Seldom is a mortal man blessed by an actual goddess. Shinjo did not realize it was happening to him, even as Ho'ola led him along a path. All he knew was that all longing was fulfilled in this place.

The path led beneath a canopy of trees to a clearing where a waterfall cascaded down a steep cliff. Beside a pool was a thatched home, and beyond that a garden. Ho'ola bade him bathe in the waterfall.

And so it was that Shinjo Eiki put his mission on hold. He had found a place where all of his wants were met. He had found the valley of Ho'ola, goddess of life. And so he would stay here, tending Ho'ola's garden, fishing and hunting.

And because she was a goddess, Ho'ola traveled. Or at least disappeared, doing what a goddess must do. Rescuing, saving, healing -- those were Ho'ola's skills and duties.

Yet while Ho'ola did disappear, whenever Shinjo needed her she was there.

This was one of those days Ho'ola was away and he was working on his sub. "You think still of your mission," she said matter of factly, startling him.

Wiping oil from his hands, he nodded.

"You are free," she said, "as we all are to make choices."

"I choose you."

She led him to the beach and washed the sweat and grime from Shinjo's body, and they lay down together and loved.

"Do you know what year it is?" she whispered.

The question startled Shinjo. "No idea."

"1967." Twenty-three years had passed! Neither of them had aged.

Ho'ola read his thoughts. "That is life here, eternally. But you must know once you leave there is no coming back. "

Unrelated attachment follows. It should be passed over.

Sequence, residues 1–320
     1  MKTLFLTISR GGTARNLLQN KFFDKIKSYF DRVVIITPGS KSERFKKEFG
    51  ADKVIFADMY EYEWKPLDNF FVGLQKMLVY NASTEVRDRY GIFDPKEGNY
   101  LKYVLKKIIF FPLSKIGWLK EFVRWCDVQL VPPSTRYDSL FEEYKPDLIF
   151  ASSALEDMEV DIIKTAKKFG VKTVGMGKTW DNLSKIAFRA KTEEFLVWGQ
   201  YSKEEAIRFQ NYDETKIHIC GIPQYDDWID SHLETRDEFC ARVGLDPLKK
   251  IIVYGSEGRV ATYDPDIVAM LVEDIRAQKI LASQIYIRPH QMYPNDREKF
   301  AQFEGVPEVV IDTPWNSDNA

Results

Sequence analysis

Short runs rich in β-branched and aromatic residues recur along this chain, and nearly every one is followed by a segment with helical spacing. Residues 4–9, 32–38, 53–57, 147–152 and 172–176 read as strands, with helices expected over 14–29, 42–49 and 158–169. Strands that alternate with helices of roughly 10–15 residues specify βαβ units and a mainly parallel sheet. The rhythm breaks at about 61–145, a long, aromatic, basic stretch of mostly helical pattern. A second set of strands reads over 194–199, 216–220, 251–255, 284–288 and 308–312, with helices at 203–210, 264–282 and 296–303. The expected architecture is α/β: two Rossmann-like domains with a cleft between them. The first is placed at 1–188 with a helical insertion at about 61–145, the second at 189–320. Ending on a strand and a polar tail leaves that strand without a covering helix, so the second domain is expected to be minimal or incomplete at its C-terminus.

Shinjo was content to stay, losing track of the years, living in the paradise of Ho'ola's valley, making love with a goddess and never growing old.

But then one day in August of this year a steamer trunk floated ashore.

Shinjo pulled it up from the beach, opened it, found a set of encyclopedias. In Volume J, Shinjo read about prosperity in modern Japan. He read how America, after it kicked the living snot out of Japan in the war, had led the way for Japan to rise from the ashes. In Volume H, he read about the heroic role of Japanese-Americans in WWII in Europe, and how they had come home to Hawaii, joined the Democratic Party and taken over state politics.

In Volume T, he read about his brother. And with that his mission was revived. It was too late to save Japan from defeat, but he could still honor his family. What terrible irony that after the American victory at Saipan -- a battle from which a Japanese submarine had been diverted to deposit Shinjo's one-man sub off Pearl Harbor -- Tojo resigned in July 1944. Nine days after the surrender on Sept. 2, 1945, Tojo attempted suicide, but failed. The ultimate dishonor. Shinjo read through bitter tears that Tojo was hanged two days before Christmas 1948. Tojo's soul could find peace only if Shinjo could fulfill his mission.

As always when he needed her, Ho'ola was suddenly there. "How was your reading?"

"My mission, I must fulfill it now. For my brother."

"Yes, but It has changed."

It had, but Shinjo didn't yet know how.

Don Chapman is editor of MidWeek.
His serialized novel runs daily in the Star-Bulletin
with weekly summaries on Sunday.
He can be emailed at